The Bible has nothing direct to say on this subject, since the phrase did not become popular till the 19th Century.
The best known version of the phrase, “The greatest trick the Devil ever pulled was convincing the world he didn’t exist”, is a line delivered by the actor Kevin Spacey in the 1995 film The Usual Suspects, but similar phrases occur in earlier English sources. Many of these probably have their origin in the work of the French poet Charles Baudelaire. His collection Le Spleen de Paris (1869) includes Le Joueur généreux‘, a prose poem in which the Devil tells a gambler how he heard a preacher tell his congregation “la plus belle des ruses du diable est de vous persuader qu’il n’existe pas!”. Whether Baudelaire really believed this or was poking fun at the clergy of his time is debatable.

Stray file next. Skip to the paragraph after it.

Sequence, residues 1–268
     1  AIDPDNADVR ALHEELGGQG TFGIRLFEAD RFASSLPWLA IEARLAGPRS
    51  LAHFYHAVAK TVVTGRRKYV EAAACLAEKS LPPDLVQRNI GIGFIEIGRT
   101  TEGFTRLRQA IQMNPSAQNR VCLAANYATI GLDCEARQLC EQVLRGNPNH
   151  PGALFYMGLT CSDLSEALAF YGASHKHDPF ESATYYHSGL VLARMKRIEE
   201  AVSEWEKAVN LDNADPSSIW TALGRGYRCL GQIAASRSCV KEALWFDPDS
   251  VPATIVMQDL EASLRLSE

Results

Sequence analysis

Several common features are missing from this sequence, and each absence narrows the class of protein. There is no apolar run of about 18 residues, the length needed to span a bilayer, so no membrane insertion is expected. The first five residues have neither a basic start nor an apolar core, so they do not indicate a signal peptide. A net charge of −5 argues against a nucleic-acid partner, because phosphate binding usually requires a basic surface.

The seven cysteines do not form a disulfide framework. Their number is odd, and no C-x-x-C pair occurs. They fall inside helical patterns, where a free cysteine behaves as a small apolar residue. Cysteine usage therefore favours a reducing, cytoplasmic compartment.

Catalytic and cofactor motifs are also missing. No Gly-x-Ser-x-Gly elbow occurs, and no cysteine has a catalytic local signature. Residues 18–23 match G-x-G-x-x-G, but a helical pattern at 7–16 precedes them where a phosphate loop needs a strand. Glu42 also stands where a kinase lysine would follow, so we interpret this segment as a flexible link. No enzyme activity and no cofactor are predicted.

In contrast the Bible’s starting point with Satan is found in two Old Testament books – the prologue of Job and the vision in Zechariah 3 – is allegory, not literal and the allegory continues into the New Testament with around seventy verses, none of them giving any factual historical information about a rebel angel. So the question of whether this allegory can trick the world into being convinced that the allegory does not exist does not arise.
However there are verses in the Bible where sin is personified and Sin tricks and deceives :
“For sin, seizing an opportunity in the commandment, deceived me and through it killed me.” (Romans 7:11)
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